Treatment plan for pancreatic cancer unique to each individual
Mayo Clinic Q&A
DEAR MAYO CLINIC: How do doctors determine whether or not chemotherapy or surgery is appropriate for treating pancreatic cancer? Why do some people with a late-stage diagnosis have treatment, while others are told treatment will not help their situation?
ANSWER: The treatment plan for each individual with pancreatic cancer is unique to that person’s situation and the stage of the disease when it is diagnosed. But where in the past many people were advised that no treatment was available when cancer had spread outside the pancreas, today improved chemotherapy offers new treatment possibilities for this difficult cancer.
Pancreatic cancer is uncommon compared to other kinds of cancer, such as lung, colorectal and breast cancer. Symptoms of pancreatic cancer are relatively nonspecific and can include abdominal or back pain, weight loss, new onset or worsening diabetes, and jaundice or yellowing of the skin. Smoking is the only known significant risk factor, and although a small fraction of patients have a genetic predisposition, the majority of causes are unknown. The lifetime risk of developing the disease for people in the general population is about 1 percent. Unfortunately for those who do get it, pancreatic cancer is one of the hardest kinds of cancer to successfully treat. The five-year survival rate now is just over 7 percent.
The reason pancreatic cancer is so devastating is twofold. First, there’s no early screening for it. Many cases are diagnosed at an advanced stage when cancer has already spread from the pancreas to other organs. The second reason has to do with the biology of the cancer. It’s very aggressive and has a high tendency to spread to other sites, even with very small tumors in seemingly early-stage disease. That means that for many people, the disease comes back after treatment.
In people diagnosed before cancer has spread outside the pancreas, treatment may include surgery to remove the tumor, followed by chemotherapy. But that group is in the minority and only includes about 15 percent of patients at diagnosis. In up to 50 percent of patients, the cancer has spread to other sites outside the pancreas, making surgery ineffective. In about 35 percent of patients, the tumors involve vascular structures around the pancreas, so the cancer traditionally was felt to be surgically inoperable.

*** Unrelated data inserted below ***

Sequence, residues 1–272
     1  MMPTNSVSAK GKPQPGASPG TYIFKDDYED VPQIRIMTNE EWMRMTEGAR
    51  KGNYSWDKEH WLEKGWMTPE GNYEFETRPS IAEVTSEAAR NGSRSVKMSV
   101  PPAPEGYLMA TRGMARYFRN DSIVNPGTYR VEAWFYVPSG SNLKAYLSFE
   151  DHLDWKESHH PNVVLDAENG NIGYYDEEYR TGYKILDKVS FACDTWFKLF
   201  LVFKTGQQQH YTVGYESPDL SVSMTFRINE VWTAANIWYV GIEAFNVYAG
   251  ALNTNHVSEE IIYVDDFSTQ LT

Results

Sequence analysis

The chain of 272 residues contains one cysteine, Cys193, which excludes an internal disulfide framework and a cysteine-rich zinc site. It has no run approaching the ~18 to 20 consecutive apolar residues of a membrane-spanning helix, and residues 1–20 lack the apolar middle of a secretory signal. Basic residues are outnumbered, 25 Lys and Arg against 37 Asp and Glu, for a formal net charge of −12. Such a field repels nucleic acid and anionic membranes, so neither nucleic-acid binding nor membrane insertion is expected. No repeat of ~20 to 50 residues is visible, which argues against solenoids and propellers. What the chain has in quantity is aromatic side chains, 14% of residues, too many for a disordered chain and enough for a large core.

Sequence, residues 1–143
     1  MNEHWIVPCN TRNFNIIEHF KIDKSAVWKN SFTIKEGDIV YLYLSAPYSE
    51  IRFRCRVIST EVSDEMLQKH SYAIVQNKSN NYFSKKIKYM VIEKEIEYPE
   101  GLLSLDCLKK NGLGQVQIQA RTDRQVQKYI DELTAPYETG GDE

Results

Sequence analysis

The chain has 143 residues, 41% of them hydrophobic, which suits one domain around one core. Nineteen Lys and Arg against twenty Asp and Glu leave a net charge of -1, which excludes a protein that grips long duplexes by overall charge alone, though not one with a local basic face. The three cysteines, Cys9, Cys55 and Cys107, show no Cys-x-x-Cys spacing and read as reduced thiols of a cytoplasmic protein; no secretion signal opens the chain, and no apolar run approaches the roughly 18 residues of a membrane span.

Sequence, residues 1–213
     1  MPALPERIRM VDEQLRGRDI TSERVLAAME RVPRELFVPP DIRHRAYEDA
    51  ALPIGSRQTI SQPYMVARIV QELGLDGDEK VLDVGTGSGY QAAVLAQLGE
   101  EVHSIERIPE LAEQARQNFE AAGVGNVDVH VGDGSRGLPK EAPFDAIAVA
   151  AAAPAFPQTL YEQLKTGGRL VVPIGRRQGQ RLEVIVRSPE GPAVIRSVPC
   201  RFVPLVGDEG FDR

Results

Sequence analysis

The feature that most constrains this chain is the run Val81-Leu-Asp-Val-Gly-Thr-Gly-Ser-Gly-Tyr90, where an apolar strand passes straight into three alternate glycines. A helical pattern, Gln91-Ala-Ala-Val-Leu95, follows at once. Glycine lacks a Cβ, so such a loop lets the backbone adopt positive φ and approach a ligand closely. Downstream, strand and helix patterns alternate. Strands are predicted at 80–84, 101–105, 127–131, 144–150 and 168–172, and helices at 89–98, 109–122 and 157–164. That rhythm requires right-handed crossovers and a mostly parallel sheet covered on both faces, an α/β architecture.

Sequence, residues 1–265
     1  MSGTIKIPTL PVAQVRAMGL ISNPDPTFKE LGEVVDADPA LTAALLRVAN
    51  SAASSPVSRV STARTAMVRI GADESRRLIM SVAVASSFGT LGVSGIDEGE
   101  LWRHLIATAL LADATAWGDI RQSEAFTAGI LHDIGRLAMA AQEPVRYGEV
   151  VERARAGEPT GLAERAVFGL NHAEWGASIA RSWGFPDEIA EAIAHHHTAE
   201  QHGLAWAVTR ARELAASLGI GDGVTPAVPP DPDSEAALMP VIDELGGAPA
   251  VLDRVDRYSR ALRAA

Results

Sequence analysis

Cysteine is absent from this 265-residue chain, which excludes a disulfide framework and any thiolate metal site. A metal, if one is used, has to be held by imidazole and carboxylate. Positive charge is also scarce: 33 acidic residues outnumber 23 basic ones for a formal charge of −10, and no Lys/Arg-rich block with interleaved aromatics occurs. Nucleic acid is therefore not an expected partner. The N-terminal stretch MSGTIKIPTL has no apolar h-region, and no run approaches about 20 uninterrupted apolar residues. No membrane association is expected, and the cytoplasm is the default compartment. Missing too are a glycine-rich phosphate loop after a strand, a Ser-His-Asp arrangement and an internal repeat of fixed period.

It’s in this second group of patients that a new approach to treatment has been helping over the last several years. With the advent of improved chemotherapy and radiation therapy, it’s now possible to give treatment to those individuals that may, in a significant number of cases, reduce the cancer to a point that surgery is a viable option for long-term survival and even cure.
The advances in chemotherapy for pancreatic cancer have been particularly positive. Whereas the response rates to traditional chemotherapy in people with pancreatic cancer used to be at about 9 percent, that rate has almost tripled with the new chemotherapy regimens available today. It’s even higher in patients whose tumors have not spread to other sites.
Additionally, the surgery used to remove pancreatic cancer has improved. First and foremost, for surgery to be successful there can’t be any cancer cells left behind. If there are, patients do not derive any benefit from the operation. Historical data suggests that about 1 in 4 patients had some cancer remaining in the pancreas after surgery. With the use of preoperative chemotherapy and subsequent radiation therapy, along with updated surgical techniques, we have improved those percentages and increased the odds that all cancer cells will be removed. This strategy and improved care after surgery have also decreased the number of complications that happen as a result of surgery, and that improves overall survival, too.
A diagnosis of pancreatic cancer can be very frightening. But for many people, modern treatment options are available. In the past, some doctors simply told people with this disease that nothing could be done, based on poor overall historical outcomes. Today that’s often not true. If you are diagnosed with pancreas cancer and you aren’t given any treatment choices, get another opinion. Talk to an oncologist or to a surgeon who specializes in pancreatic cancer at a center that does a high number of surgeries to find out what options may be possible for you. — Mark Truty, M.D., Surgery, Mayo Clinic, Rochester, Minn.
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